Wikileaks and The War In Vietnam
In my last post (see RIAA and MPPA Go Down) I predicted that the future of protest was changing and that we would increasingly see more activists banding together in unconventional ways (e.g. hacker attacks) to protest.
Well we didn’t have to wait for long. This now seems like the normal state of affairs. This past week several hacker groups attacked Amazon and Paypal for canceling their business relationships with Wikileaks which recently released vast quantities of US diplomatic cables.
This isn’t about which laws were broken but a moment for us to start asking questions on the very nature of political protest.
In 1773 it seemed right to us to throw some tea in Boston harbor. These past months in France large demonstrations were held in the street to protest changes in the retirement age. And, in Myanmar supporters of Aung San Suu Kyi recently celebrated in the streets after her release after 15 years of house arrest.
What do you do when you can’t throw some tea or take to the streets? How do you get your voice heard? Is the only way left hacking? Can we learn to protest in a non-violent fashion? Is violence only the sort of actions resorted to when no other options are available to you? These are the questions we need to ask ourselves.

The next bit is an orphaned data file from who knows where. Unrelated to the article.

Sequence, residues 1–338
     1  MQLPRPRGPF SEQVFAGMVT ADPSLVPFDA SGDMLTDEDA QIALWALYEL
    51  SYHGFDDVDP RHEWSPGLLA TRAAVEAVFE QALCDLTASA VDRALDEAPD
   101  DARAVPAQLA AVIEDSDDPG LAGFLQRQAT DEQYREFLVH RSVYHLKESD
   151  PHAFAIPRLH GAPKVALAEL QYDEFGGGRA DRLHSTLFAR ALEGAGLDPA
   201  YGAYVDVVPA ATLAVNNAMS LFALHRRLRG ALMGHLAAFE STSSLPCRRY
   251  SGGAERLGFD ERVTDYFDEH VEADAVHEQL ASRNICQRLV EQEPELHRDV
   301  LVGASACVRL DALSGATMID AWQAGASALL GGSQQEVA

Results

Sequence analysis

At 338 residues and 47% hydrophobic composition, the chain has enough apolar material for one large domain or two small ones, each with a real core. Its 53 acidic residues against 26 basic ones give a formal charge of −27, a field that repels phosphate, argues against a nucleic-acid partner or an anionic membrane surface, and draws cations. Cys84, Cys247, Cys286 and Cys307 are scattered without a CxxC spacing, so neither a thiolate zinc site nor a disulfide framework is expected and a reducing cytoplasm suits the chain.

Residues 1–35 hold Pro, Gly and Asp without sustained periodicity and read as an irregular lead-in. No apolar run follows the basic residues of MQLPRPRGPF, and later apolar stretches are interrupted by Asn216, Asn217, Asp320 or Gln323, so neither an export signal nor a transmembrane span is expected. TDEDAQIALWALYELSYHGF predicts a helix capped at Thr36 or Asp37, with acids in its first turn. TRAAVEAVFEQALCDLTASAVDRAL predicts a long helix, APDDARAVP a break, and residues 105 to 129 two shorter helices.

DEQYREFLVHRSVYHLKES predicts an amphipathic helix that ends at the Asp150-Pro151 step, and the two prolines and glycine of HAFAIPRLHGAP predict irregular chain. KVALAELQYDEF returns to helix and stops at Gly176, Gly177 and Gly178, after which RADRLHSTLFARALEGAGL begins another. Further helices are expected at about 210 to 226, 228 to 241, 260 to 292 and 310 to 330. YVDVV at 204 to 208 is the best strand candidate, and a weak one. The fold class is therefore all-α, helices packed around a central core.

Newspapers who always served the purpose of reporting on the wrong actions of government are losing their readership – think of Common Sense by Thomas Paine published in 1776 or the Pentagon Papers published by The New York Times in 1971. New forms of communication are taking over (e.g. The Huffington Post, The Daily Beast). But, are these new voices enough to wake the citizenry? Or, are these voices so soft that only small communities actually hear them?
So, if today you were protesting the Vietnam War what would you do? Would a post be enough? Would telling your neighbors be enough? Would a whisper be enough to spark change? What would you do?
[On the business opportunity front I’ll predict that we are going to see more Wikileaks like sites and all manner of sites devoted to public protest. ]
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